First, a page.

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Film Reviews

  • Leonard Maltin
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    Drive—movie review

    Drive arrives with its credentials of cool all set: a hot star (Ryan Gosling) in the lead, a smart supporting cast, a Best Director prize from the Cannes Film Festival, and a stylish retro-noir look. These assets may hoodwink some audiences who don’t stop—or want to stop—...

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    Contagion—movie review

    I can’t call Contagion as a feel-good movie. In fact, you won’t want to be feeling anything—or anyone—after seeing this cautionary tale about the spread of a deadly virus. But you won’t be able to take your eyes off the screen.

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    The Debt—movie review

    Sometimes a film seems to have everything going for it and still comes up short; such is the case with The Debt. Its credentials are impeccable: a fine cast headed by Helen Mirren, Tom Wilkinson, and Jessica Chastain, just for starters, directed by John Madden, and written by three talente...

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    Higher Ground—movie review

    How stimulating, and utterly refreshing, it is to see a movie with a distinctly female voice that deals with faith, and how one woman grapples with it, through good times and bad, throughout the course of her life. That Vera Farmiga gives an honest, empathetic performance should come as no surprise;...

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    Brighton Rock—movie review

    Sometimes one can admire a film without truly liking it; that’s how I feel about the ambitious British remake of Brighton Rock. Graham Greene’s 1938 novel, first filmed in the late 1940s, has been cleverly reworked to take place in 1964, at the time of the “mods and rockers...

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    Dont Be Afraid Of The Dark—movie review

    As you may already know, that modern master of Grand Guignol, Guillermo del Toro, saw the 1973 TV movie Don’t be Afraid of the Dark when he was a boy, and it scared the daylights out of him. He’s wanted to remake it ever since, and wrote a script with Matthew Robbins around the time he made his first American feature, Mimic (1997). Years went by, and when the pieces finally fell in place to put it into production he was busy with The Hobbit, so he selected newcomer Troy Nixey to fill his shoes after seeing an impressive short-subject he made. (The picture was finished two years ago but went into distributor limbo, from whi...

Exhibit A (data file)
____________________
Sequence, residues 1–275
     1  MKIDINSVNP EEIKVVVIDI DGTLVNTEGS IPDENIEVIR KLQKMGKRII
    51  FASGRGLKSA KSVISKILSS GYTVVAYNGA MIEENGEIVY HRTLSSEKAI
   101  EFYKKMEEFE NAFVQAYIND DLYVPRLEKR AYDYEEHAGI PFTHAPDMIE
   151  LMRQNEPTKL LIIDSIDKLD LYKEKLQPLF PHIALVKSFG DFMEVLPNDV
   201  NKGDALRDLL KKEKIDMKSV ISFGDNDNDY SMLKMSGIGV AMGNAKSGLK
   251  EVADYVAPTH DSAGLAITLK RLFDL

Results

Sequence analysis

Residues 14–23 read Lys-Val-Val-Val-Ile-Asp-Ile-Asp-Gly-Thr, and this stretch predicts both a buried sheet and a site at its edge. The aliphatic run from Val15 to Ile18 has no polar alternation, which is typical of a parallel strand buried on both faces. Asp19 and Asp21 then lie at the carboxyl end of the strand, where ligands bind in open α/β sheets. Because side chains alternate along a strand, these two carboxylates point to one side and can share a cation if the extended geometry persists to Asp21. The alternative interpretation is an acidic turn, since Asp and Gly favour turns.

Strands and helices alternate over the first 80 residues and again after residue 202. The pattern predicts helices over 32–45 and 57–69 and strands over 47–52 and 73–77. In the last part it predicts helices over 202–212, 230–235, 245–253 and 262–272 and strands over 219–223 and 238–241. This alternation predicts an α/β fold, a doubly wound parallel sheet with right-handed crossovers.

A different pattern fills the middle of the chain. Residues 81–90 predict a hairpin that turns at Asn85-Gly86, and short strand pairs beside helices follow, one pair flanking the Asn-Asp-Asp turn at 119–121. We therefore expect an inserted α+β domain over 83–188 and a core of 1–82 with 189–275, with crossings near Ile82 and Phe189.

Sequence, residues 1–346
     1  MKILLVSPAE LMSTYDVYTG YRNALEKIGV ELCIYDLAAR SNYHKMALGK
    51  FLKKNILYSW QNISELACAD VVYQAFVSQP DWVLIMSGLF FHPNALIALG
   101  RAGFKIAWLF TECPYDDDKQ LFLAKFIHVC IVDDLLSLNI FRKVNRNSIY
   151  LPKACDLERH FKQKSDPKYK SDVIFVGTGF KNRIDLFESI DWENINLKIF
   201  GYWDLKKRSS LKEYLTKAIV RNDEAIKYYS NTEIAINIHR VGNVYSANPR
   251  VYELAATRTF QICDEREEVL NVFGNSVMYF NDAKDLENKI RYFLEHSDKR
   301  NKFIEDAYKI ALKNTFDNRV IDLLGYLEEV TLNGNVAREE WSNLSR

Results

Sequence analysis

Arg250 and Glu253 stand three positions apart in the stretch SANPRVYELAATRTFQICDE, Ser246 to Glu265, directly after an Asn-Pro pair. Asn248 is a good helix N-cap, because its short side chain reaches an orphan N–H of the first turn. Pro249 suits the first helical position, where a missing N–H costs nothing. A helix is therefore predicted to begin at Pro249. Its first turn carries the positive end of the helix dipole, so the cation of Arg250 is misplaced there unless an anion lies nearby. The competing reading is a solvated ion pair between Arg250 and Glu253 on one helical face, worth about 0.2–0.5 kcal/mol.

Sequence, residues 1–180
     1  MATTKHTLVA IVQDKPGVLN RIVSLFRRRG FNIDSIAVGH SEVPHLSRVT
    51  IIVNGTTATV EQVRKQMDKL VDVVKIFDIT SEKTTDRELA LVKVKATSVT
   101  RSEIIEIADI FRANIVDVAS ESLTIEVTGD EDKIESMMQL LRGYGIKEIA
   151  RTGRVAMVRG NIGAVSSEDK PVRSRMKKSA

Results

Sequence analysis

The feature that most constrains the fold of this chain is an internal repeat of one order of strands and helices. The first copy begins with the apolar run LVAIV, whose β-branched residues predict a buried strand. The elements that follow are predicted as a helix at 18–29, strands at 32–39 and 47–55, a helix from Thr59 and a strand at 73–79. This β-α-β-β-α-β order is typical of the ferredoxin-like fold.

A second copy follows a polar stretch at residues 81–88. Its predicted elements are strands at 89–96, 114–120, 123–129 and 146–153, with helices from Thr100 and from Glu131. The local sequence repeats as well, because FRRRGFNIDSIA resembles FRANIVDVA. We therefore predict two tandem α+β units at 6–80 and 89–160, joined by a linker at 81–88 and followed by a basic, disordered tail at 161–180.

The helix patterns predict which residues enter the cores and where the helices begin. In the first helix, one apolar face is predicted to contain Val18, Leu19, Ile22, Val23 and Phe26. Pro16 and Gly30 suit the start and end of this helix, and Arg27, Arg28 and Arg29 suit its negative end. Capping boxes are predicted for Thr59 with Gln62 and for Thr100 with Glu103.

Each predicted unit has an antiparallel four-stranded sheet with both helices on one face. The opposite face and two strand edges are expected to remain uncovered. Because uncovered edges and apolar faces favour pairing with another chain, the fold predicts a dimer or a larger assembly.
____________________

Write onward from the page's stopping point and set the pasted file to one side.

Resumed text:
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  • Leonard Maltin
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    Conan The Barbarian—movie review

    Just when you thought it was safe to go back to the movies, they’re resurrecting concepts and entire films from the 1980s like Footloose (so help me) and Conan the Barbarian, based on Robert E. Howard’s pulp magazine hero. Beefy Jason Momoa steps into Arnold Schwarzenegger’...

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    One Day—movie review

    Sometimes, a successful play or a popular book—even a comic book—has qualities that just don’t transfer to the screen. One Day is based on a best-selling novel, and the producers hired its author, David Nicholls, to write the screenplay, since he’s had plenty of exper...

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    Amigo—movie review

    Amigo ought to be a great film: the subject is fascinating and still resonates today, even though it takes place over a hundred years ago. The Philippine-American war has been pretty much ignored, by textbook authors as well as moviemakers (but for the 1937 Hollywood movie The Real Glory). A...

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    The Help—movie review

    Any time a book strikes a chord with a vast number of people, as Kathryn Stockett’s The Help did, there is a mixture of anticipation and trepidation about its transition to the screen. Overall, I think writer-director Tate Taylor has done a good job bringing the book and its characte...

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